The effectiveness of adding cognitive behavioural therapy aimed at changing lifestyle to managed diabetes care for patients with type 2 diabetes: Design of a randomised controlled trial

Laura M.C. Welschen*, Patricia Van Oppen, Jacqueline M. Dekker, Lex M. Bouter, Wim A.B. Stalman, Giel Nijpels

*Corresponding author for this work

Research output: Contribution to journalArticleAcademicpeer-review


Background. In patients with type 2 diabetes, the risk for cardiovascular disease is substantial. To achieve a more favourable risk profile, lifestyle changes on diet, physical activity and smoking status are needed. This will involve changes in behaviour, which is difficult to achieve. Cognitive behavioural therapies focussing on self-management have been shown to be effective. We have developed an intervention combining techniques of Motivational Interviewing (MI) and Problem Solving Treatment (PST). The aim of our study is to investigate if adding a combined behavioural intervention to managed care, is effective in achieving changes in lifestyle and cardiovascular risk profile. Methods. Patients with type 2 diabetes will be selected from general practices (n = 13), who are participating in a managed diabetes care system. Patients will be randomised into an intervention group receiving cognitive behaviour therapy (CBT) in addition to managed care, and a control group that will receive managed care only. The CBT consists of three to six individual sessions of 30 minutes to increase the patient's motivation, by using principles of MI, and ability to change their lifestyle, by using PST. The first session will start with a risk assessment of diabetes complications that will be used to focus the intervention. The primary outcome measure is the difference between intervention and control group in change in cardiovascular risk score. For this purpose blood pressure, HbA1c, total and HDL-cholesterol and smoking status will be assessed. Secondary outcome measures are quality of life, patient satisfaction, physical activity, eating behaviour, smoking status, depression and determinants of behaviour change. Differences between changes in the two groups will be analysed according to the intention-to-treat principle, with 95% confidence intervals. The power calculation is based on the risk for cardiovascular disease and we calculated that 97 patients should be included in every group. Discussion. Cognitive behavioural therapy may improve self-management and thus strengthen managed diabetes care. This should result in changes in lifestyle and cardiovascular risk profile. In addition, we also expect an improvement of quality of life and patient satisfaction. Trial registration. Current Controlled Trials ISRCTN12666286.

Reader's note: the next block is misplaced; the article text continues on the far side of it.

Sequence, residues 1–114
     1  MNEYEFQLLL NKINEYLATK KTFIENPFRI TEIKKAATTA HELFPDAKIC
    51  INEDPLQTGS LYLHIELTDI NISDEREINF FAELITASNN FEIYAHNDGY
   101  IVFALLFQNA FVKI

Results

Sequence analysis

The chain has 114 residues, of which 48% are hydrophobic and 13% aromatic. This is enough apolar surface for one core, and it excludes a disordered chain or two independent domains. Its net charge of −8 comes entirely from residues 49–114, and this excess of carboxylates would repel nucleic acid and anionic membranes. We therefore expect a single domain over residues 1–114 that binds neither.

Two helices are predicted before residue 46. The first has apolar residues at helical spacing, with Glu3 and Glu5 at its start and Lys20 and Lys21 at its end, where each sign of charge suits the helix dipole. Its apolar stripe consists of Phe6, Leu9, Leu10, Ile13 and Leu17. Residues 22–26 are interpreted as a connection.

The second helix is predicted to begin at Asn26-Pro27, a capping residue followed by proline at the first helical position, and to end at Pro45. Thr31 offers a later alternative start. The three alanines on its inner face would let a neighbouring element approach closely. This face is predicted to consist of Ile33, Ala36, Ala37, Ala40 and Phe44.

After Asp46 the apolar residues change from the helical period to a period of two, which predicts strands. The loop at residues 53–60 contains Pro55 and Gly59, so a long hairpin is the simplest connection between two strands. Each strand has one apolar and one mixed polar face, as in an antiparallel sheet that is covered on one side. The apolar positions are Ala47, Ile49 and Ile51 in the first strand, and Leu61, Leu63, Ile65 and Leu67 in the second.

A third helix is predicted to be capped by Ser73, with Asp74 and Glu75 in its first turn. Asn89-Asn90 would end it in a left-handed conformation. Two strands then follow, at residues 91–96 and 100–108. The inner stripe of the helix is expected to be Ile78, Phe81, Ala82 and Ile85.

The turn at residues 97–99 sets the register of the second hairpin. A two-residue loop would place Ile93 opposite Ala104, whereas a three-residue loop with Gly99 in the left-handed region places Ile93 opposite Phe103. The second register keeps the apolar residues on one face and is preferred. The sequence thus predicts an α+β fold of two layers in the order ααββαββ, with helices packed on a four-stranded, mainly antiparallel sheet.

Original languageEnglish
Article number74
JournalBMC Public Health
Publication statusPublished - 29 May 2007

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